So here we are with Dean Nestor’s notes on the hiring process, the tips and tricks version:
- Know who you are in that interview moment and recognize that this job can help you become the professional you want to become. But that this is only the first step in a long, long journey that never fully ends. (Know your story)
- Recognize that your gifts and talents are intended to help people you have not yet met. Student Affairs has many heroes, they all succeeded because they helped others before they helped themselves. (Share your story)
- The people who are interviewing you are just as nervous as you. They have to add the right member to the team or risk ineffectiveness as a unit. The onus is on the institution to pick the right fit. The trick is to be the fit. (Find a cast of characters to add to your story)
- Your first job is just that. It’s the first step in a larger journey that will teach you much, but as is the case with mostly everything, especially good TV shows, it will end and you will need to move on. (Write more than one story)
These aren’t necessarily the most elegant and practical nuggets of wisdom, but they are true and real and culled from years upon years of interviewing and being interviewed. Remembering these pieces has helped me navigate this crazy world of being a Student Affairs Professional and I share them freely with the next generation of aspiring professional. It’s how I write more than one story. I can only hope I’ve helped you to figure out how to start yours.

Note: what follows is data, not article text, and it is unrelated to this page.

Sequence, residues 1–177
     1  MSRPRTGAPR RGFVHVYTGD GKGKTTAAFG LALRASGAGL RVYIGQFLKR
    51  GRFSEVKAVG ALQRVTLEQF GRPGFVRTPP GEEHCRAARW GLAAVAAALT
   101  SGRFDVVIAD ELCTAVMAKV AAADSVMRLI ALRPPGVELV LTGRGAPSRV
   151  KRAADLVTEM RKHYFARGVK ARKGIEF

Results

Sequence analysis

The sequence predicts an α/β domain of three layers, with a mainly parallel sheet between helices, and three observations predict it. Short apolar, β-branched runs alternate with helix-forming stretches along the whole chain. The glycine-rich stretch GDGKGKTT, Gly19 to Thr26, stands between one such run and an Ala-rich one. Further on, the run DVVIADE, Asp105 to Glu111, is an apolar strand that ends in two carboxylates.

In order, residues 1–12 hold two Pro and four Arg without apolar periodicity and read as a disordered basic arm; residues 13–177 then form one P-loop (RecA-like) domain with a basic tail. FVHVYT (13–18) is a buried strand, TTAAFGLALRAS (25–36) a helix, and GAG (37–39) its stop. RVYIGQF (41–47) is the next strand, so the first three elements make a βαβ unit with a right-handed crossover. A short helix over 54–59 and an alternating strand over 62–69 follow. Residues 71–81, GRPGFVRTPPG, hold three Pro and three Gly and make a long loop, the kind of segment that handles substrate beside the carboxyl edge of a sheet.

This post is part of our #SArecruits series, which will share experiences from a variety of #SApros who have hired new employees. We hope that these stories will give great insight for both professionals looking to improve their hiring tactics, and also those on the job search looking for an inside perspective. For more information, please see Bill Mattera’s intro post. Be sure to check out other posts in this series!
> BONUS <
Podcast With Mallory Bower on Career Services and Job Search Tips